organic food

Where to meet?

Clarion Congress & Hotel, Comet


Heidrun Moschitz
Heidrun Moschitz

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Kenneth Macdonald
Kenneth Macdonald

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Convenors: Heidrun Moschitz, Research Institute of Organic Agriculture FiBL; Matt Reed, Countryside and Community Research Institute CCRI, Lukas Zagata, Czech University of Life Sciences Prague; Kenneth Iain MacDonald, University of Toronto, Scott Prudham, University of Toronto


  • To investigate the diverse experiences of the organic movement and sector, considering particularities and what can be generalised.
  • To review and revise the theorisation and empirical understandings of the organic movement and sector, especially the interactions between these two aspects of organic food and farming.
  • To take account of the evolution of the movement and sector as younger actors take a role challenging existing binaries, orders and understandings.


It has been over 25 years since EU wide legislation helped catalyse the organic farming and food movement, creating a global market for organic products and introduce a range of support mechanisms. The challenge of that social movement remains vital, as it has to cope with the challenge of healthy growth in potential collaboration with the conventional sector while at the same time avoiding the danger of being co-opted by conventional structures. At the same time, the ‘old’ organic movement is increasingly challenged by new ‘young’ movements and forms of agriculture such as urban food, permaculture, ‘uncertified organic’ and supply chains outside of those dominated by the supermarkets. In places, and at times, this has resulted in tensions between the goals of the movement and the aspirations of a commercial sector engaged in provisioning consumers. On-farm processes of generational change are leading to changes within households, while agronomic developments claim to blur the boundaries between organic and non-organic production. At the same time, newcomers to alternative food movements seem to challenge organic ideas while suggesting more radical approaches to alternative food production. Given the changes in the sector and the movement, it is timely to revisit the topic to note the changes. The global organic movement has offered a reformulation of the organic prospectus in its Organic 3.0 document[1]; this session looks to scholars to meet that challenge.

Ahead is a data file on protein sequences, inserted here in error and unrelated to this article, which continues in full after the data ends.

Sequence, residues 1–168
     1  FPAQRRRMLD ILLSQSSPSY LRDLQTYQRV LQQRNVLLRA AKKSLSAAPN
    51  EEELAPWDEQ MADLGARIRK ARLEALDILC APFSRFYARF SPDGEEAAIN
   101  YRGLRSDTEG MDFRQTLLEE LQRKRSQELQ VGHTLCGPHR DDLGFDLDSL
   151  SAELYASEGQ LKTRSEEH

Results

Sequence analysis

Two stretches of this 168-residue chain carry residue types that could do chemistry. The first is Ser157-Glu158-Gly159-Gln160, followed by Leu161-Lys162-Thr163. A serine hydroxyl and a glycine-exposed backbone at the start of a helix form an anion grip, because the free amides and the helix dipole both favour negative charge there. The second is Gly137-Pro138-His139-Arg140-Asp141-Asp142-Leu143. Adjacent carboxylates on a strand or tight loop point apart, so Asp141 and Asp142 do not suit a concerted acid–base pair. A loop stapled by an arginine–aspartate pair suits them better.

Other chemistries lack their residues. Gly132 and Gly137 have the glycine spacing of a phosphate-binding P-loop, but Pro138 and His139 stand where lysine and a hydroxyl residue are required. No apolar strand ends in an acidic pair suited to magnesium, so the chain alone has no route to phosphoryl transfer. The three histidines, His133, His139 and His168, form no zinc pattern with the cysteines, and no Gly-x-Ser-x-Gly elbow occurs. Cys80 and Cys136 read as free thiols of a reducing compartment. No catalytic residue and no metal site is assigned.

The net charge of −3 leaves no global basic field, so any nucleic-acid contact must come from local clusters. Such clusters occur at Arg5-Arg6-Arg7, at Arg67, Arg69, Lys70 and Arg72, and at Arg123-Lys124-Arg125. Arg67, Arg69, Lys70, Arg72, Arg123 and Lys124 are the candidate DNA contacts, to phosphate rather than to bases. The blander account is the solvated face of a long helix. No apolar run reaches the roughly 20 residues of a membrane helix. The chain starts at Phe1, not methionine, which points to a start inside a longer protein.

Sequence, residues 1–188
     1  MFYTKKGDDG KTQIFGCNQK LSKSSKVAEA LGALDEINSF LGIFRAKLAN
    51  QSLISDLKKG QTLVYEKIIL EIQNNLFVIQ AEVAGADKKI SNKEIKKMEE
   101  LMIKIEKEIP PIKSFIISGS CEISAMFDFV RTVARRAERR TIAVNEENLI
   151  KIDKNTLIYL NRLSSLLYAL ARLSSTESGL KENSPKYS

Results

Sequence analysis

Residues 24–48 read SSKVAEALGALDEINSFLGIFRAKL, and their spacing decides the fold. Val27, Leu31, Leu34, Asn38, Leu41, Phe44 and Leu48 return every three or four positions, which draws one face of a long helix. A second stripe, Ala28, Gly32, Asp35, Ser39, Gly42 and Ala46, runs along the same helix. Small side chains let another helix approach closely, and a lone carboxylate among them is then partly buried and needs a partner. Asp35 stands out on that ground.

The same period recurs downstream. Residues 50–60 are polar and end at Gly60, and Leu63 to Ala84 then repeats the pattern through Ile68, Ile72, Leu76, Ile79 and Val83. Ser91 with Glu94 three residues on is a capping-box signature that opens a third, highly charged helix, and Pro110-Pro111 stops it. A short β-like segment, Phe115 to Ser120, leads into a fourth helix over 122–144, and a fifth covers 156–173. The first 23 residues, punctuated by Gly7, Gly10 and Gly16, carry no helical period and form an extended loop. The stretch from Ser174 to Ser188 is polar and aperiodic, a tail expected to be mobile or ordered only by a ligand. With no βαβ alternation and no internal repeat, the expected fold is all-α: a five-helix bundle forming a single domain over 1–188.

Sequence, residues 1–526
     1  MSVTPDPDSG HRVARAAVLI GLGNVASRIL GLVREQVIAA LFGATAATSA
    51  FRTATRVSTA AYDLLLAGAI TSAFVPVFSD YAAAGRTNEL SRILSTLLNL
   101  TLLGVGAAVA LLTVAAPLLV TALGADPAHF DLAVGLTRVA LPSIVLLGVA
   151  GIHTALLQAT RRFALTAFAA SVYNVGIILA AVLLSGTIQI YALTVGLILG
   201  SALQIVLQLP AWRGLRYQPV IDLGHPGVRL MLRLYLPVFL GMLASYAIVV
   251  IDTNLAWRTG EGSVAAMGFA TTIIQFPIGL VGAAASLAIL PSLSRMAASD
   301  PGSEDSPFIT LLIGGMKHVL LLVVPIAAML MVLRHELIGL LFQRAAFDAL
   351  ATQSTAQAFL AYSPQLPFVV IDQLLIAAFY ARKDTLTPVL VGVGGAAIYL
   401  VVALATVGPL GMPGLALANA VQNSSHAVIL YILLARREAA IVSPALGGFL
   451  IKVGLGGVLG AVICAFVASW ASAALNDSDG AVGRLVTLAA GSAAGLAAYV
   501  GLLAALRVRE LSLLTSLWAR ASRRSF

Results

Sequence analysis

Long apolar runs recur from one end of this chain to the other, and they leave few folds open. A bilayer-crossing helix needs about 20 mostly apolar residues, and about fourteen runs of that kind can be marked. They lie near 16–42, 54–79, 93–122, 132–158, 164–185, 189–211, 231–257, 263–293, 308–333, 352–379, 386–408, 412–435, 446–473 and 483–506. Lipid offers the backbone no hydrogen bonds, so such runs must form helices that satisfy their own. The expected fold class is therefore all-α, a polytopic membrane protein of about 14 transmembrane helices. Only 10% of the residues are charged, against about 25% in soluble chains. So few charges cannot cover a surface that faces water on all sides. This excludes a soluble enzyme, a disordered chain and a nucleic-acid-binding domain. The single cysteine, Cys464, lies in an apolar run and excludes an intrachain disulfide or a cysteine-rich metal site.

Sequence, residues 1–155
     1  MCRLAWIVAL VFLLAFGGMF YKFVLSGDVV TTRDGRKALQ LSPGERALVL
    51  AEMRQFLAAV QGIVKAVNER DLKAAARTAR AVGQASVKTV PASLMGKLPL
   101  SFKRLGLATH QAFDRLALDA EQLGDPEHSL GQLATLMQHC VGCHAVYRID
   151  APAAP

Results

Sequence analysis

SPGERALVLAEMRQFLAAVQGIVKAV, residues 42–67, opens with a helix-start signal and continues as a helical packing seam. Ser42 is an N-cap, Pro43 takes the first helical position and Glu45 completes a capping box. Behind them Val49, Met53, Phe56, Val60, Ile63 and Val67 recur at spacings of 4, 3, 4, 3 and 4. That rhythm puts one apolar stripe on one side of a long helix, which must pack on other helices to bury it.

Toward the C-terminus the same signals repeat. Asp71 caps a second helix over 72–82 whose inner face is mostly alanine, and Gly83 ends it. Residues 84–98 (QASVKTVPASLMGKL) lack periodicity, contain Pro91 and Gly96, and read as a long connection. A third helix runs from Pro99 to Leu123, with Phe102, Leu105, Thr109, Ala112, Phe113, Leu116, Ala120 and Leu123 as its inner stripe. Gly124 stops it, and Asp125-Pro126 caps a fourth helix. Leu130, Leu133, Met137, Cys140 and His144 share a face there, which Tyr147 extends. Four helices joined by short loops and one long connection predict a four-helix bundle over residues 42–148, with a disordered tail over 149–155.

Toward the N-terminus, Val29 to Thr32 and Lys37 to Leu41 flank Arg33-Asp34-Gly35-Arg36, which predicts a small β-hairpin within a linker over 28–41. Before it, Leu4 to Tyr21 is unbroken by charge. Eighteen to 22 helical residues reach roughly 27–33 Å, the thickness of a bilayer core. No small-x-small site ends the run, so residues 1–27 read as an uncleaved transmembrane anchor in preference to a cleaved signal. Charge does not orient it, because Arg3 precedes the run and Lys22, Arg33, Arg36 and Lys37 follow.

We invite papers and contributions that take a longer view of the movement or the sector. We also invite papers that attend to the regional or national situatedness of the organic experience and address the ways in which localised conditions and situated complex historical and institutional geographies facilitate or challenge the alignment of organic production with the institutional context/goals of the movement.


We will offer a series of themed workshops, to explore particular topics related to the movement or the sector, including that of organic farming, organic food, supply chains and challenges such as urban food or responses to technologies and regulations. The working group will conclude with a panel discussion to consider the trajectory of the movement and sector, as well as the scholarship focused on it.